Affordability + Quality
Real Estate

Affordability + Quality

Five years after the implementation of the Housing for All by 2022 scheme, the Pradhan Mantri Awas Yojana (Urban) has made steady progress across states. As Anuj Puri, Chairman, ANAROCK&...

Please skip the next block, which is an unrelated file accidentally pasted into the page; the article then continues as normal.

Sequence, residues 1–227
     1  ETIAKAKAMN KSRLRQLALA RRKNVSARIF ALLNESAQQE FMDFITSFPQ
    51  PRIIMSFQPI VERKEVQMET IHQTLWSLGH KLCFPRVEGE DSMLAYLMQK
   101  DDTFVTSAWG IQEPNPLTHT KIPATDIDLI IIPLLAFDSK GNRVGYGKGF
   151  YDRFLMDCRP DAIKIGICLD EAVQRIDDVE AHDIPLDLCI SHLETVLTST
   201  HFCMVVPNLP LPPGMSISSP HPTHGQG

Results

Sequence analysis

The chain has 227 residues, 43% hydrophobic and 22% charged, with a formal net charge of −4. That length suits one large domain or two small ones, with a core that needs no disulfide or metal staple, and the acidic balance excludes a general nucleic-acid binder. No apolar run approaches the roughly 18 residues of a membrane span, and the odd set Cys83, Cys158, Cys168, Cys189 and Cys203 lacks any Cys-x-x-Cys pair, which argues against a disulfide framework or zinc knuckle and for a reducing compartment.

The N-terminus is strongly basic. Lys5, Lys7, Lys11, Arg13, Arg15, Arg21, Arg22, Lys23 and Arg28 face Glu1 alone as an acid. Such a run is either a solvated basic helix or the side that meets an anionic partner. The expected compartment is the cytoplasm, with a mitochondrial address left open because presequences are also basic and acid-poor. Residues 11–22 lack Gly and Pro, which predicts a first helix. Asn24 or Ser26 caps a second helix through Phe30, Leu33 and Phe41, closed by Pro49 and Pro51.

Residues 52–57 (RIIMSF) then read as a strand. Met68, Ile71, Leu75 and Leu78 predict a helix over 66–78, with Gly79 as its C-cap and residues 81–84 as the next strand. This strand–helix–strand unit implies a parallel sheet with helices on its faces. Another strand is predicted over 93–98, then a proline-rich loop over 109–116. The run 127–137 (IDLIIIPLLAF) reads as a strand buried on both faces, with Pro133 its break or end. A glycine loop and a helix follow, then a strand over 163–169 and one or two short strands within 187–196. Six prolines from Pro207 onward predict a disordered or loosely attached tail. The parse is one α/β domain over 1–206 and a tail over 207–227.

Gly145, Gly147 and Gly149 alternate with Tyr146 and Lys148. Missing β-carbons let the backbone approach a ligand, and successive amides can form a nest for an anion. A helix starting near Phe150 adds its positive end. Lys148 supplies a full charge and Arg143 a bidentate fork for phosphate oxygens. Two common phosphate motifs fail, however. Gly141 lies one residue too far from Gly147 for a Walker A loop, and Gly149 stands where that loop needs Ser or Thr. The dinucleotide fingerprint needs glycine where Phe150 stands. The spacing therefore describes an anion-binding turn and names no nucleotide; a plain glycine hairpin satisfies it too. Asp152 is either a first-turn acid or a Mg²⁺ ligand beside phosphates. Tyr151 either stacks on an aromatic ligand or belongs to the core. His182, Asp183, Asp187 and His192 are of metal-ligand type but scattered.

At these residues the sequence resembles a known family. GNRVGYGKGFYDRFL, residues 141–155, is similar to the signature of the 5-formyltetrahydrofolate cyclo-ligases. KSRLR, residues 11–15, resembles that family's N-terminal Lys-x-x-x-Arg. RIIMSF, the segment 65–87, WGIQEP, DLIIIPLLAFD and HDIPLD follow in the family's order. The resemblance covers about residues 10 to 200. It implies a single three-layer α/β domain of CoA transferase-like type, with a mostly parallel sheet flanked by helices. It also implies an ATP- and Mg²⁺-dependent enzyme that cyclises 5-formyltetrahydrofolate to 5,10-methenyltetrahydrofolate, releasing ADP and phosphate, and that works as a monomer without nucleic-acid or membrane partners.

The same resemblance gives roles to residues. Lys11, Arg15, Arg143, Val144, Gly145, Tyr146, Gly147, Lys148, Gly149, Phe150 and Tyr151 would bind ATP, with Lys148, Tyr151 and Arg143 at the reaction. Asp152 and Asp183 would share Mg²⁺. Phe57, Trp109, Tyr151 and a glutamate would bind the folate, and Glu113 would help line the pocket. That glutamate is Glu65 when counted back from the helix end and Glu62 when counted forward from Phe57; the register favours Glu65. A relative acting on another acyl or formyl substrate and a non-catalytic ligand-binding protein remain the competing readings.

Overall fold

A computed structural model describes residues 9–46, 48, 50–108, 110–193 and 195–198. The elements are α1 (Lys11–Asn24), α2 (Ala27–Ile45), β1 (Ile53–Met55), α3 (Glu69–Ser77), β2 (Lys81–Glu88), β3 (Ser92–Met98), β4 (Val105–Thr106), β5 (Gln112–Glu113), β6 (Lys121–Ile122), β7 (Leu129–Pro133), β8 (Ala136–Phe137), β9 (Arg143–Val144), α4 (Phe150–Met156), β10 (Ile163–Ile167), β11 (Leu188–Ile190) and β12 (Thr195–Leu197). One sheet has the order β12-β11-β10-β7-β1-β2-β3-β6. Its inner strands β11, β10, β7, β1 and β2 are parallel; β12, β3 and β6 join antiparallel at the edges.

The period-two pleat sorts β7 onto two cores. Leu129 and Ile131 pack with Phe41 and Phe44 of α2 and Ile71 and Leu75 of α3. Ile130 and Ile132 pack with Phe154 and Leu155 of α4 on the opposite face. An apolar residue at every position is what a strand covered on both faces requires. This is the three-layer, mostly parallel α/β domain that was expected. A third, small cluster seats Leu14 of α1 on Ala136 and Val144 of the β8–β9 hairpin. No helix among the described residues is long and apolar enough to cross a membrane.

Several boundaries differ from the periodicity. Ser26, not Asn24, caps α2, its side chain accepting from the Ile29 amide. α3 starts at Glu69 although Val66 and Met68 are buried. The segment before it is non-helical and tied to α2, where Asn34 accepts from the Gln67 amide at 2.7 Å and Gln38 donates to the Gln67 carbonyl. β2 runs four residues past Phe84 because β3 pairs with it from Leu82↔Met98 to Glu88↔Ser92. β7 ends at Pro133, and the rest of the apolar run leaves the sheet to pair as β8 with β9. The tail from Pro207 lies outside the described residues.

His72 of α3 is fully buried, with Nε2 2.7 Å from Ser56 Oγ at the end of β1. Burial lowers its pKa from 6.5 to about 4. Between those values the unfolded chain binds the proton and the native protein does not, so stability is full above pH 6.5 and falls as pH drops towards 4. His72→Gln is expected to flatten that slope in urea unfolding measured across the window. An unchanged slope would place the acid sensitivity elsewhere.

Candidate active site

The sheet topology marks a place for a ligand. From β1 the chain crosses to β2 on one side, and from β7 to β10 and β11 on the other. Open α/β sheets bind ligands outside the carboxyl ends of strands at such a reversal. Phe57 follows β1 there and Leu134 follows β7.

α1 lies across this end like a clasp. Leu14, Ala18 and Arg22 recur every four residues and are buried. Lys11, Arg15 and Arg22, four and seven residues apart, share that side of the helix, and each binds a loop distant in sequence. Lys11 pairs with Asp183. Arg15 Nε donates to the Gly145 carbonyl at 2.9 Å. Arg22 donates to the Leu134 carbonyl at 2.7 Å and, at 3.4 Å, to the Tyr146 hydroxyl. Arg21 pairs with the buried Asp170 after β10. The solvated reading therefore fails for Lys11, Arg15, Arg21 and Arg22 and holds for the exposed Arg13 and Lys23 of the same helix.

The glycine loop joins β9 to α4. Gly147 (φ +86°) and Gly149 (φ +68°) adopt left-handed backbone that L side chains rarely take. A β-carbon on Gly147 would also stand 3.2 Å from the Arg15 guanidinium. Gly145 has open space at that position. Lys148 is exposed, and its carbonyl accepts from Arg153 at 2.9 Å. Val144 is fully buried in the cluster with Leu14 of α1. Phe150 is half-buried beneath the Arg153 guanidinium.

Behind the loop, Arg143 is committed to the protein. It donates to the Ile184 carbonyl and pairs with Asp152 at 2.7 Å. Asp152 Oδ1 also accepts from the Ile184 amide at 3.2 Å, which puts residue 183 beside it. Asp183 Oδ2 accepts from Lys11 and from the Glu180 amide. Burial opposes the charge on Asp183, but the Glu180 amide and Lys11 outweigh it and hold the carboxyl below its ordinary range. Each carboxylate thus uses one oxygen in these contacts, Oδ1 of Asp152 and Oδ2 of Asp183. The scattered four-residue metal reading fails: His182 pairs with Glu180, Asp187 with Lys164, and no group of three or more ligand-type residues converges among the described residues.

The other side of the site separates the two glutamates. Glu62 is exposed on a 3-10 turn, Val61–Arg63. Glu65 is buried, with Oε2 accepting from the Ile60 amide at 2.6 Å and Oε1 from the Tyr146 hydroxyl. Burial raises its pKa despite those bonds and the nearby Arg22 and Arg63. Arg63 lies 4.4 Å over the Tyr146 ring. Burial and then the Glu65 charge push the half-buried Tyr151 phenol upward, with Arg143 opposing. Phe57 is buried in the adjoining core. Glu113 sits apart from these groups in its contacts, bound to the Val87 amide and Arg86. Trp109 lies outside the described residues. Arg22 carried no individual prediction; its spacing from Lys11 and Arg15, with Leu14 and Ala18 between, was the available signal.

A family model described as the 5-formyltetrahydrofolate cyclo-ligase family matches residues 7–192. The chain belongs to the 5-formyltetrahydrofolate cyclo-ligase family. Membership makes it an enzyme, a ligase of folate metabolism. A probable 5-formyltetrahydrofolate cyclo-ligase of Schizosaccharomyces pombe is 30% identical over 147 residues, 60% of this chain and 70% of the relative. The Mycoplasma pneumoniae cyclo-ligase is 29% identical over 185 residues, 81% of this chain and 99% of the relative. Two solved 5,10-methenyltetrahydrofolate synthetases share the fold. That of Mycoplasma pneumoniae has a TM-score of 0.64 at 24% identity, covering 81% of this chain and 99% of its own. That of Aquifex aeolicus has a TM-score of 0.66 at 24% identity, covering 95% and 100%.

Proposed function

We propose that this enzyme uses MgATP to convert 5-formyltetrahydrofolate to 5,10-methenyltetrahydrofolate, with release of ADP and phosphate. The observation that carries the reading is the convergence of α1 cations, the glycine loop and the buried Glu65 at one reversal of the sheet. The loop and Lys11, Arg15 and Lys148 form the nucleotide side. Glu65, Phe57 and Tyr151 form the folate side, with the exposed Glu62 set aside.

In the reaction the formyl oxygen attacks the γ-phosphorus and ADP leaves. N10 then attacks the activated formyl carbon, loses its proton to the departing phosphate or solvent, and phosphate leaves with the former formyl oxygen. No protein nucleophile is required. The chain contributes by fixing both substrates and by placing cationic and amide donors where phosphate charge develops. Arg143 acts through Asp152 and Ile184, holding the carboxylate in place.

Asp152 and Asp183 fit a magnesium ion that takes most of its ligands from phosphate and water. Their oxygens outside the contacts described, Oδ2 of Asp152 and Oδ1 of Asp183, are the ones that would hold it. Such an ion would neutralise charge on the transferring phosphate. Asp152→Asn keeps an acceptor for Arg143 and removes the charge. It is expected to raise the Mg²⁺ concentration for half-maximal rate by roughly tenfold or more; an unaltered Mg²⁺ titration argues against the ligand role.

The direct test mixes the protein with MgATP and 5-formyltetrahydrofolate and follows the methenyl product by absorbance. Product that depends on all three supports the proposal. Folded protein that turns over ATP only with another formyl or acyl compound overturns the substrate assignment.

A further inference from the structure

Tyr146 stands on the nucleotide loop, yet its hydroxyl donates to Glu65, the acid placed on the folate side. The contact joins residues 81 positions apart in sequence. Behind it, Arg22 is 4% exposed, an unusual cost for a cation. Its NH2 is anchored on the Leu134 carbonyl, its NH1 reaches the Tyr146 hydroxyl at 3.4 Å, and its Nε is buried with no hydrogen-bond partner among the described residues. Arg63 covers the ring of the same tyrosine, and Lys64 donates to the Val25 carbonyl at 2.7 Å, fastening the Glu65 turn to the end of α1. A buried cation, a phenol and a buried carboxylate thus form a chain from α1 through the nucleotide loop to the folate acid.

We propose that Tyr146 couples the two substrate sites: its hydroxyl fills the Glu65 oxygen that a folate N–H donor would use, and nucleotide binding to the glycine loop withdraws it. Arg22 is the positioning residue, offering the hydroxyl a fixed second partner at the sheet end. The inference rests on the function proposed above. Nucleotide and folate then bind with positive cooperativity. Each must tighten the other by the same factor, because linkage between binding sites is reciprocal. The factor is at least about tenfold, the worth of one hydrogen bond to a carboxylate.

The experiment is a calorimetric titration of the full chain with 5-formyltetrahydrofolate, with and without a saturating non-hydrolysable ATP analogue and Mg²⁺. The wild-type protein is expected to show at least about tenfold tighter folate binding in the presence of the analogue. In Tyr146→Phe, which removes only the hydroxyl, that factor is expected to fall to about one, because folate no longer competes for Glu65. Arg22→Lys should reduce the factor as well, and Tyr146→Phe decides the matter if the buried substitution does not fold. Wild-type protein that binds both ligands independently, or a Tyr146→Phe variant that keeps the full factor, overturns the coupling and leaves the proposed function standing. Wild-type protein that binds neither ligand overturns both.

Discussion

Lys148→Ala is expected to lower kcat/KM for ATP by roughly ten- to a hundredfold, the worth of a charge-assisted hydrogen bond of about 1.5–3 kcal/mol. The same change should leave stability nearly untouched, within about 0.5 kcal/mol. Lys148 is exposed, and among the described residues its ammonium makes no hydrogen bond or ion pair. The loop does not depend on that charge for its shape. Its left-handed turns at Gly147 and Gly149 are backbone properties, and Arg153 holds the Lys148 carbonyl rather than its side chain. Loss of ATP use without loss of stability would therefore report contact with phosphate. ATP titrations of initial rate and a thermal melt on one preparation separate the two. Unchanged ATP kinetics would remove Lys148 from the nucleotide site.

Five years after the implementation of the Housing for All by 2022 scheme, the Pradhan Mantri Awas Yojana (Urban) has made steady progress across states. As Anuj Puri, Chairman, ANAROCK Property Consultants, tell us, “As in August 2020, a total of 1.06 crore homes had already been sanctioned in the country, of which 33 per cent or about 35.18 lakh homes have been completed while another 66.23 lakh units have been grounded for construction.” A sharp 180 per cent rise in project completions was seen between December 2018 and early August 2020, from 12.58 lakh homes completed in December 2018 to over 35.18 lakh homes in August 2020. “Of the total homes sanctioned, Andhra Pradesh has the highest number (20.16 lakh homes), followed by Uttar Pradesh with over 15.95 lakh homes and Maharashtra with over 12.34 lakh homes,” says Puri. In terms of completion, he says Uttar Pradesh tops the list with more than 5.34 lakh homes already completed, followed by Gujarat with 4.22 lakh homes and Maharashtra with 3.44 lakh homes. Impact 2020! Like other industries, the Indian real-estate sector was also impacted by the COVID-19 crisis.v Initially, the real-estate purchase cycle hit a near ‘pause’ button across several markets and segments. “Beginning with initial phases of ‘unlocking’, we have seen a steady revival in demand,” says Amit Pal, Chief Projects Officer, Mahindra Happinest. “At Mahindra Lifespace Developers (MLDL), we have witnessed demand from salaried employees, with many customers looking to upgrade to larger apartments.” Mahindra Happinest—MLDL’s affordable housing brand—has performed well despite the pandemic, with limited inventory left. For instance, over 1,000 units were sold at Mahindra Happinest project in Kalyan within nine months of its launch, of which four months were in lockdown. Similarly, notwithstanding the lockdown, the company sold more than 300 homes entirely digitally within only three weeks of launch at Happinest Palghar in the Mumbai Metropolitan Region (MMR). “The pandemic has accelerated the adoption of technology, be it in construction or sales. We are on track with our plans for project launches and land acquisitions in the fiscal,” adds Pal. “Construction activity was halted during lockdown,” says Rishi Jain, Managing Director, Jain Group. “Post lockdown, the cost of steel and cement increased and the availability of construction labour went down. This has not only increased the cost of construction for developers but caused delays in project completions.” After the lockdown, Jain Group started seeing positive outcomes with its several lucrative offerings. “Availability of affordable housing is critical to the real-estate sector’s reinvigoration,” says Rakesh Reddy, Director, Aparna Constructions & Estates. “With its infrastructure status and the Government’s support, this is the most incentivised segment. Attracted by growing job opportunities in Hyderabad, demand for affordable housing has increased.” For Abhishek Kapoor, COO - Residential, Puravankara, “The pandemic gave us ample time to brainstorm and identify key aspects of our practices and designs that would need new interventions. Once the restrictions were eased, we immediately resumed construction in compliance with all the operating procedures put in place.” Despite the hurdles brought upon by the pandemic, Puravankara’s projects are running on schedule as per the revised RERA deadlines. Reducing time and cost of construction Affordable projects are disproportionately impacted by timeline delays or rise in construction costs. The use of innovative construction technology and building materials and ready-to-fit techniques can enhance quality, improve speed and reduce waste. The construction area and saleable area ratio is an important aspect to define affordability of a project. The floor plate has to be big enough to ensure utilisation of the available FSI with minimum construction area, says Architect Gaurav Sanghavi, Co-Founder, Pentaspace Design Studio. “Standardisation of building typologies and modularity in terms of details help reduce cost. An in- house RMC plant and quality check can also control cost. Fly-ash bricks can be used for block work, adding to the green component of the project.” According to Jain, “The basis of sustainable construction should be ‘concrete’ using a lower amount of cement, more recycled materials, more supplementary cementitious materials, and new-generation ingredients to reduce water ingress and deterioration in concrete.” This will ensure sustainable and economical construction by reducing associated repair, maintenance materials and costs. To ensure an eco-friendly environment, Jain Group has introduced ‘Miyawaki’ in its projects, which is a new- generation, cost-effective method. Mahindra Happinest has adopted a hybrid approach. “We use aluminium formwork and cellular lightweight block for construction of core structures,” says Pal. Cellular lightweight concrete (CLC) is an alternative to conventional bricks and concrete blocks, and facilitates easier handling and transportation. It has a density ranging between 600 kg and 700 kg per cu m and floats on water. “These blocks are easier to lay and thus enable faster construction, in addition to their thermal insulation properties,” he adds. “We also use portable modular or ready-to-fix components for standardisation and faster construction.” Additionally, the company’s projects are designed to reduce environmental impact and benefit end-user health. The focus is on reducing consumption of non- renewable resources; minimising waste; and developing healthy, productive environments. Also, designs optimise available natural daylight and wind and support the use of locally available materials. As Aparna Constructions establishes itself in the affordable housing segment, Mivan technology will be put to its strongest test. “The state-of-the-art aluminium wall formwork offers higher efficiency, close to zero wastage, and a massive reduction in the skilled resources required for constructing the shell and core of the building,” says Reddy.v Kapoor believes the pandemic has catalysed the adoption of technologies and there is now wider acceptance and reliance on them. “At Provident Housing, the affordable arm of Puravankara, we have constantly strived to revolutionise our construction practices, even before the outbreak,” he shares. “We have adopted precast technology, an industrialised method of construction, which helps reduce dependency on labour requirements and increases efficiency to meet the mass demand for housing across India, while ensuring high quality in construction.” The company’s project Provident Sunworth was completed in 18 months using this technology. In addition, he believes several other tasks will see digitisation and automation. In land mapping, for example, technology has made it possible to survey land using drones. “We will continue to witness newer technologies such as 3-D printing, which are at their nascent stages, yet have the potential to disrupt old construction practices.” Ensuring affordable execution In the planning, design and construction of affordable housing projects, how can companies ensure affordable execution? Aparna Constructions has implemented backward integration. This entails vertical integration wherein the company has set up its own building material facilities to ensure a more reliable or cost- effective supply of inputs. Reddy says, “This strategy insulates the company from market cycles. It allows for more efficiency and control of the development ecosystem, and thus shields customers from elevated costs.” Backward integration also ensures that projects are built to enhance the environment, not disturb it. The company conserves natural resources by optimising energy- efficiency, generating less waste and providing healthier spaces for residents. With this strategy, Aparna Constructions has established itself in industries including manufacturing of uPVC windows, sanitaryware, ready-mix concrete, brick making and tiles, with a greenfield manufacturing unit. For its part, Mahindra Happinest has adopted a manufacturing approach that involves converting the land (which is a raw material) into a finished product and selling it as soon as possible. The company has deployed digital, AI-powered project lifecycle management (PLM) solutions to streamline key stages in its construction project lifecycle, including budget management, planning, progress monitoring, quality control, safety and handovers. “This helps us ensure safety, environmental compliances and commercial discipline during the construction process, all of which add up to improved project execution efficiency,” avers Pal. Also, by ensuring locally sourced construction materials, the company not only delivers projects faster and at lower costs, but also significantly reduces the environmental impact of construction activities. Expediting the process Developers are becoming increasingly inclined towards building affordable housing projects. “The recent announcement of an additional outlay of Rs 18,000 crore for the urban housing scheme will boost builder confidence and several projects will be able to resume and reach completion,” Kapoor points out. “Moreover, with home loans at their decadal lowest and other incentives such as the reduction on the stamp duty in several states, the segment will witness demand. Real-estate companies are also giving additional benefits through discounts and ease of access to homebuyers through their digital footprint.” However, Reddy says, “The Government must streamline tax rates and minimise administrative barriers. This will ensure surplus funds in the hands of potential homebuyers, which will bolster consumer confidence and increase demand. The real-estate sector will benefit from revised income tax slabs that reduce overall tax expenditure. This will enhance the ability of the salaried class to invest in affordable housing. Expanding the availability of income-tax deductions for homebuyers can incentivise new buyers.” He further adds that lowering the GST for affordable housing projects can bring them within the reach of a wider audience. “The Government should also relook at rationalising the GST rates levied on construction materials. This will bring down the burden of construction cost and have a positive impact on overall pricing.” Sanghavi adds, “Providing cheaper land banks for affordable homes and income-tax benefits for developers opting for affordable schemes are key factors that need to be reviewed to achieve the goal.” For his part, Pal recommends, “A fast-tracked approval process for affordable projects; interest subsidies on FSI charges; further rationalisation of stamp duties and registration charges; and rebates on construction materials can add further impetus to growth in the segment.” Affordable update! The construction timeframe of an affordable housing project depends on its scale. “For optimal profitability and viability, any phase of development should be completed from planning to execution in 24-30 months,” says Architect Gaurav Sanghavi, Co-Founder, Pentaspace Design Studio. “A detailed market survey to understand the customer profile and requirement should be captured in the design brief on Day 1. If the data is netted correctly, project delays owing to design intervention at a later date can be avoided.” Till date, Puravankara has launched over 20 million sq ft of affordable housing projects, of which close to 10 million sq ft have been completed and delivered to over 26,000 happy and satisfied homeowners. “The average selling price stands at about Rs 4,000 per sq ft,” says Abhishek Kapoor, COO - Residential, Puravankara. Mahindra Happinest has four ongoing projects in India, with three in MMR (Happinest Kalyan, Happinest Palghar and Happinest Boisar), and one in Chennai (Happinest Avadi). “Mahindra Happinest homes are priced between approximately Rs 3,500 and Rs 6,500 per sq ft,” says Amit Pal, Chief Projects Officer, Mahindra Happinest. And Rishi Jain, Managing Director, Jain Group, updates, “The company has delivered 17 affordable housing projects totalling 3.5 million sq ft at an average selling price of Rs 2,500 per sq ft.” Architect’s take! Architect Gaurav Sanghavi, Co-Founder, Pentaspace Design Studio, elaborates upon how an architect can contribute to making an affordable housing project truly affordable:   Right from the planning stage, one needs to incorporate elevation features and finishing material and identify the areas to be highlighted.Efficient structural girds should be worked on keeping in mind parking on the ground floor. The structure should be kept as lean as possible to avoid floating of columns to minimise cost of construction.For natural ventilation, create a design to incorporate ample light and free-flowing breeze. Simply maximising windows in habitable spaces while leaving the non-habitable spaces towards the inside can create a huge impact. To maximise external light and ventilation in all the habitable rooms, non-habitable spaces such as toilets should be taken on the inside with internal ducts. A well-designed open lobby area can allow the building to breathe.Slight change in designing the facade can help change the complete look of the building. Recessed windows help maximise shade on the opening, bringing in light but cutting off heat.  Affordability means efficient use of resource optimisation of aperture sizes by maintaining the window and wall ratio to 50:50. As the sill heights of the windows are increased, the cost of the aluminium, glass and the railings reduces.Cutting cost in areas that do not require spending, like using kota in the stairwell from the first floor as well as the lift lobbies of the upper floor, gives an opportunity to reduce cost and increase the spend in areas like the ground floor lobby. Instead of using MS railing on the staircase, RCC pardi can be cast to further reduce cost.As these projects do not have ground space, we give amenities across the building and on the terrace. We can create activity spaces around the staircase well and landing like a wall library, art wall, chalkboard on the wall and puzzle wall for the children to use and have community sit-out spaces, a gazebo and jogging or walking track on the terrace. - SHRIYAL SETHUMADHAVAN